Aug 23

Review: Conan The Barbarian

When watching something like Conan the Barbarian it is advisable not over complicate the experience. So first off, try not to put too much thought into plot, a barbarian’s life is really quite simple, there is usually some larger arcing story around him, however, his job consists of saving some girl from some thing while fighting against gods, armies and mystical creatures. The rest of his time is mainly spent lowering the population of slavers and evil doers in his homeland, Hyboria. All of this is usually solved using excessive amounts of hacking and/or slashing.

With Geek Actually, we tend to advise people to switch their brain off in films like this, to try and enjoy it as a simple violent action flick. However, this remake/rebirth/re-imagining of Conan the Barbarian makes doing this very difficult by taking what should be the simplest things to get right, and making them it’s greatest weakness. The problem begins with everything being over produced. Conan is a barbarian sure, this means he will kill a great number of foes as he tears across the planet, however the violence in this film will numb you within the first 20 minutes and from there none of it hits with any real impact. Secondly, in the original mythology Conan lives in a tough world and there are a lot of tough people around him. In this version however, it seems that there is nothing that can even challenge him. With no risk involved, none of the conflicts had him even mildly challenged (bar a fight where he is cheated), leaving the viewer bored and uninterested of its outcome.

Also, (note to the director) having Conan putting out more testosterone than a entire rugby team does not make up for a lack of character development. Unfortunately there is no term lower than “one dimensional” otherwise I would’ve used it.

Strangely, the film seems to get progressively worse as it goes along. The opening scenes with a young Conan taking on an entire troop of bad guys was solid and effective. From there we fast-forward to a older Conan playing the pirate version of a car hoon, riding around, causing trouble and picking up chicks. Instead of development, the plot begins to fly forward at a speed so quick it will make you wonder what amazing form of transportation this world has. Whatever it is, it seems to allows them to move from city to city without even a “whew, that was a long journey” line of dialogue to at least dampen your fears that it wasn’t even taken into consideration. Though this may seem like a small gripe, while watching the film the effect is quiet jarring.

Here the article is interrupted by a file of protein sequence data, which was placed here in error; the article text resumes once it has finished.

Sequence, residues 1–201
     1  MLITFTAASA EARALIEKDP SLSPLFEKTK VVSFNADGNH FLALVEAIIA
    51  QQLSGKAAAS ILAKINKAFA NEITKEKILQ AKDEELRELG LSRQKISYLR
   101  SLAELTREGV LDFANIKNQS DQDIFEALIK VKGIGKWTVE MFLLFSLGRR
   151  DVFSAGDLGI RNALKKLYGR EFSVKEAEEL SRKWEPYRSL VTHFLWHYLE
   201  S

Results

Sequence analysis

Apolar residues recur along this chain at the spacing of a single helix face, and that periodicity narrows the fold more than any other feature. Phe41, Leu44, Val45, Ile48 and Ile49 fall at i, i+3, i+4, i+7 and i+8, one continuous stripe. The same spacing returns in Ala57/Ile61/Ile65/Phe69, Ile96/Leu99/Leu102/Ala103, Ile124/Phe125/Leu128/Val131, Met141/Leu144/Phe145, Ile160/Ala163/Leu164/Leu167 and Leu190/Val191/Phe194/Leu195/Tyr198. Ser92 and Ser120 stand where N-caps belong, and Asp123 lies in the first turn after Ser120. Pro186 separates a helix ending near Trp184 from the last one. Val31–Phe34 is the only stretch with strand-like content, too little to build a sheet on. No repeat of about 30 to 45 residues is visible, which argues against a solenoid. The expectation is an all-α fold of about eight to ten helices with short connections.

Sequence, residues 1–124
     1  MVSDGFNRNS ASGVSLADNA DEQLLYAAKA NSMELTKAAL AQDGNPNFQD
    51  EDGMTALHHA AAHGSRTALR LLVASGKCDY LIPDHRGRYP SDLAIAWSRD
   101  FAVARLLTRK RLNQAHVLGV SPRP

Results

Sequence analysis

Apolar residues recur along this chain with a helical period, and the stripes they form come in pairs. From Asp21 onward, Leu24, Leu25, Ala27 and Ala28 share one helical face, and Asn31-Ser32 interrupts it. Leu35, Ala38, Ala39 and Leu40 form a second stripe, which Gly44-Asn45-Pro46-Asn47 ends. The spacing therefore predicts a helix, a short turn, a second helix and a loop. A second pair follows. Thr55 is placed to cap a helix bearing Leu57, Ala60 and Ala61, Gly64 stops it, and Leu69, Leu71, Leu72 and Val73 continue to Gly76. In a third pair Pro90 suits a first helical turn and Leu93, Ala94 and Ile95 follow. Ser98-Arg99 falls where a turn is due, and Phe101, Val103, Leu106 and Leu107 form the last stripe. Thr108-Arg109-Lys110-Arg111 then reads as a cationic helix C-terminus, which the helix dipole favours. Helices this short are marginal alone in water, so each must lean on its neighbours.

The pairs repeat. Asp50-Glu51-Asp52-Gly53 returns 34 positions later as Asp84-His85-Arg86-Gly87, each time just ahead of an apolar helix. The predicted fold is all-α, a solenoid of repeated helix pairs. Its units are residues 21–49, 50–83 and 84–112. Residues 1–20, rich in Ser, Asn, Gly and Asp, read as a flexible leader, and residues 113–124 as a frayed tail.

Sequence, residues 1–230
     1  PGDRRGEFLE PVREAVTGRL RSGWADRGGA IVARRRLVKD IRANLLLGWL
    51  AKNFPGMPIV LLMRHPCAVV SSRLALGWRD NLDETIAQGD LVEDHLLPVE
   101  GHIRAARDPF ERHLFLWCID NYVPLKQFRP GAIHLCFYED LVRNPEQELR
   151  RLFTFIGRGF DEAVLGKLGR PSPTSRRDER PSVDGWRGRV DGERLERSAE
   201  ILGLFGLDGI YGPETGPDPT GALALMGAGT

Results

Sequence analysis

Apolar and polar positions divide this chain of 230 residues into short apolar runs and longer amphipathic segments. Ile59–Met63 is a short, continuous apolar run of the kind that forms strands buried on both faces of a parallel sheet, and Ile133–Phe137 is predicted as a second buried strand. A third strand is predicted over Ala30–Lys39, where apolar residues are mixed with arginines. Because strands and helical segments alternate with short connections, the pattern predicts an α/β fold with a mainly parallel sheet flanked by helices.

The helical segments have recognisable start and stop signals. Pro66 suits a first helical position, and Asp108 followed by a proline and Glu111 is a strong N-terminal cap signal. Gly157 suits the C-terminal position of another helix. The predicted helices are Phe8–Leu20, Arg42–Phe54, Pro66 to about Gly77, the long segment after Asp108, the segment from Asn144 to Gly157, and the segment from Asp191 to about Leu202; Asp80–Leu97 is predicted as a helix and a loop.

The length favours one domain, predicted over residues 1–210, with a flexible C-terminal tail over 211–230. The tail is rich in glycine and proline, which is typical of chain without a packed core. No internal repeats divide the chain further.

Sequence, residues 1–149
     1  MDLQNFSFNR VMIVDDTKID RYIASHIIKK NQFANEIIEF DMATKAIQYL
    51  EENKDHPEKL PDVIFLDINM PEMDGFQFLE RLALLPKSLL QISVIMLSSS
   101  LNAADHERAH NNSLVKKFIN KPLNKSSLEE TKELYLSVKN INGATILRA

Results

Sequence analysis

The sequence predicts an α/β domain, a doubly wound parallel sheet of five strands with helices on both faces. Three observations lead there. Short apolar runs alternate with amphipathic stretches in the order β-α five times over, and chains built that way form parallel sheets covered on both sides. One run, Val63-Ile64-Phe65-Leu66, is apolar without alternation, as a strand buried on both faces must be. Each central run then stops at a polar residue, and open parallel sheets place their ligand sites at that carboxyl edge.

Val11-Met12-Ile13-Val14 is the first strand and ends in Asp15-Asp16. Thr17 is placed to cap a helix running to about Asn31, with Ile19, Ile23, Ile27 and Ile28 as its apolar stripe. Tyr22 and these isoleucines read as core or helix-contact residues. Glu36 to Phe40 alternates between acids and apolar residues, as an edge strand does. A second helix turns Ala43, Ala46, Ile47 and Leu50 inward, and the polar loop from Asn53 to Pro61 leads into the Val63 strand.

With Conan the Barbarian it seems that someone decided that the best way to make up for a lack of decent story or character development, was to move too fast for the audience to successfully process what was unfolding on screen. The result is like the visual equivalent of being hit over the head repeatedly and the problem is, through the sea of blurry action and horrible dialogue, we were still able to make out the film’s faults. So, by the time the film concluded after a bizarrely uneventful crescendo involving a blood drinking octopus crown, bad sword fighting and the most unspectacular boss ever put in a barbarian story, the idea that this film was a waste of time had well and truly sunk home.

Suspending disbelief is something I pride myself on and usually I can enjoy a mindless action film with the best of them. This film’s lack of focus meant the viewer cannot latch onto any one aspect of the film. While attempting to isolate what I liked about the film, I was just left confused. Most of the experience was spent laughing at the film, instead of with it.

– Josh Philpott

“Conan The Barbarian” is directed by Marcus Nispel and written by Thomas Dean Donnolly, Joshua Oppenheimer and Sean Hood based on characters created by Robert E. Howard. It stars Jason Mamoa, Stephen Lang, Ron Perlman, Rachel Nichols and Rose McGowan. It is now open in cinemas.